The Diving Bell and the Spider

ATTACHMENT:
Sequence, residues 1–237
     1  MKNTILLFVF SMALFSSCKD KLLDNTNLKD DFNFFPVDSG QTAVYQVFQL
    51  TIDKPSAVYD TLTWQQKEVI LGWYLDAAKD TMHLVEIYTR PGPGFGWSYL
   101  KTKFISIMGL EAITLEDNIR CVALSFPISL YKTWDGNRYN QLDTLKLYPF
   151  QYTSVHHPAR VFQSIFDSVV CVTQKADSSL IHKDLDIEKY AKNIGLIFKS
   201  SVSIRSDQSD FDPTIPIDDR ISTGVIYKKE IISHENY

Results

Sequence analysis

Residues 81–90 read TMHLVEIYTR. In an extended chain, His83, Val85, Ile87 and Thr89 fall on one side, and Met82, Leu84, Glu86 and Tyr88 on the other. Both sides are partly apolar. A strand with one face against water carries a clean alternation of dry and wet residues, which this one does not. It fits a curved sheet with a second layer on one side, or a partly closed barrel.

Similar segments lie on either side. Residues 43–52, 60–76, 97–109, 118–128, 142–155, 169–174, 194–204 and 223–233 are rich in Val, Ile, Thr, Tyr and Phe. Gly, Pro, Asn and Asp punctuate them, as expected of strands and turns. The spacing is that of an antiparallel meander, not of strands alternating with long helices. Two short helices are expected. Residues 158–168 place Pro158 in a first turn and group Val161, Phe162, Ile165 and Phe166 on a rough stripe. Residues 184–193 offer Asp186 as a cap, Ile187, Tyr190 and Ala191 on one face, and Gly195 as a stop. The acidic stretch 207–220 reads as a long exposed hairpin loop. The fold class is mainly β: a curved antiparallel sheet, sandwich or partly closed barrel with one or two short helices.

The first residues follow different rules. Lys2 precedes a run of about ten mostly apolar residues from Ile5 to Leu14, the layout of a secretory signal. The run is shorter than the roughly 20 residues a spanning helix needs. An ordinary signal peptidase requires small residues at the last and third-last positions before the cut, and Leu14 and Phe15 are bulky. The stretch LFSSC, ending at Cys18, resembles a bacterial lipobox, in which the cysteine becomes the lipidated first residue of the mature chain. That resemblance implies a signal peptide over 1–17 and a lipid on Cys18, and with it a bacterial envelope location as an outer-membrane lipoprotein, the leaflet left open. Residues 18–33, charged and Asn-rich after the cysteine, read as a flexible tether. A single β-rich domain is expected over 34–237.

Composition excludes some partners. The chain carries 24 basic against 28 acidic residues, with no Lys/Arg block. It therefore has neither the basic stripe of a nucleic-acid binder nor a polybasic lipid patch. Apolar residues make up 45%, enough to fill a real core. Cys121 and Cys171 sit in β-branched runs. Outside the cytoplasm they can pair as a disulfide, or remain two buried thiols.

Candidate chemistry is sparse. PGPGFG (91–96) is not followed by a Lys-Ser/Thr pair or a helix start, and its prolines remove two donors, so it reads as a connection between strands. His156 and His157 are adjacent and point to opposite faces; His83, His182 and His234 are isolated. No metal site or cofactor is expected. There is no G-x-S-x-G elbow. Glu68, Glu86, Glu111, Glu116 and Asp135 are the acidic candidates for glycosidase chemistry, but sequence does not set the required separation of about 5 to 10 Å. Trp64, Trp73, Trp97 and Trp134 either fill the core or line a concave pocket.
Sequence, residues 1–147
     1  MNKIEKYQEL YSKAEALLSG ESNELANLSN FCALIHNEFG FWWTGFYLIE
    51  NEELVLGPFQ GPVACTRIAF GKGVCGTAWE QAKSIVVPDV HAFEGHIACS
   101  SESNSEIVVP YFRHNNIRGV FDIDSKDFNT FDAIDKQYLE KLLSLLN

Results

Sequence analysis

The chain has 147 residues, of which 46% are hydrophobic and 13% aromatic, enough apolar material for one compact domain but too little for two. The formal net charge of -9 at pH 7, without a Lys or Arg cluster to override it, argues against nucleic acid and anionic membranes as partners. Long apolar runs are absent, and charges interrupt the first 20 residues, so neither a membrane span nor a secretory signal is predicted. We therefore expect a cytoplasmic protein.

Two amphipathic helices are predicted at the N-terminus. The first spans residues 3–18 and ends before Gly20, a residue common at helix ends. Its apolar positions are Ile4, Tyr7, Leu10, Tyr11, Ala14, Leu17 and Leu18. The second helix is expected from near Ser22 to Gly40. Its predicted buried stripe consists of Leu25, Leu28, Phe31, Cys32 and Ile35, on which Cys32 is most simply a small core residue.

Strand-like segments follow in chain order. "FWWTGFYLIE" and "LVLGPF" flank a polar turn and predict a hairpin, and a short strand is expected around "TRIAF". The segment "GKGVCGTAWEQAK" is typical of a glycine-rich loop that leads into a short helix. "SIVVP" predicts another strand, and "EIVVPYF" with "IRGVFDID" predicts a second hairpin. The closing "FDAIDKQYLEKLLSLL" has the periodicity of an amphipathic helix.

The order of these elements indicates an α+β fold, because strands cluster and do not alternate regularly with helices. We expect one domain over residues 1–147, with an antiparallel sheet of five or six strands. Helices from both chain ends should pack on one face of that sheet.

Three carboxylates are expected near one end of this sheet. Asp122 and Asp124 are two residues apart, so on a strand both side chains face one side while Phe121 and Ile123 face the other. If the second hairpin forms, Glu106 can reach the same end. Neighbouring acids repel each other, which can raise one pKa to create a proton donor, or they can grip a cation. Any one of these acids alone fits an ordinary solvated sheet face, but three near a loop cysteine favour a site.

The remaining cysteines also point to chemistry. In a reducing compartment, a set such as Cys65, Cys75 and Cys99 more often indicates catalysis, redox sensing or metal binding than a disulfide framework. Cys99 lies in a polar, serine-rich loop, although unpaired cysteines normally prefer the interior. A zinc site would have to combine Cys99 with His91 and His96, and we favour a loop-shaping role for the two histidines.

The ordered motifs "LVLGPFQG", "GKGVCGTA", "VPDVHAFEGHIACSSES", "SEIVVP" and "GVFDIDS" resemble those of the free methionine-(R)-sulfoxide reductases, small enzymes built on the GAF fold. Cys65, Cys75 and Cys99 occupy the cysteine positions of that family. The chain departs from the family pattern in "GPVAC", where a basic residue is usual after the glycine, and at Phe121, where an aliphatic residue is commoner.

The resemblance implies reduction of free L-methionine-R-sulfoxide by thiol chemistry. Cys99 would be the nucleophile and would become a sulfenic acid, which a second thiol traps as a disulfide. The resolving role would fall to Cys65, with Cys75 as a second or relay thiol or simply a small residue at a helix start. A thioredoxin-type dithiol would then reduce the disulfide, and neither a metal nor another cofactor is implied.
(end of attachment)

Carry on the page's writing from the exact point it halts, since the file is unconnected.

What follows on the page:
The water spider spends its life underwater but it needs oxygen to breathe. So when it visits the surface, the spider grabs a bubble of air that sticks to its hairy abdomen. It deposits this bubble into a little silk “diving bell” and breathes from the bell like a tank. The bell functions as a gill: as the spider removes oxygen from the bell, more oxygen flows in. Using a microscopic oxygen sensor, researchers from the University of Adelaide in Australia and Humboldt University in Germany determined how gases move across the bell's surface and found that the spider can stay underwater for up to 24 hours, they report this week in the Journal of Experimental Biology. The spider keeps the bell's volume proportional to its oxygen needs: To eat, it enlarges the bell, puts its food inside, and crawls in after it. Females lay their eggs inside the bell and enlarge it as the brood grows.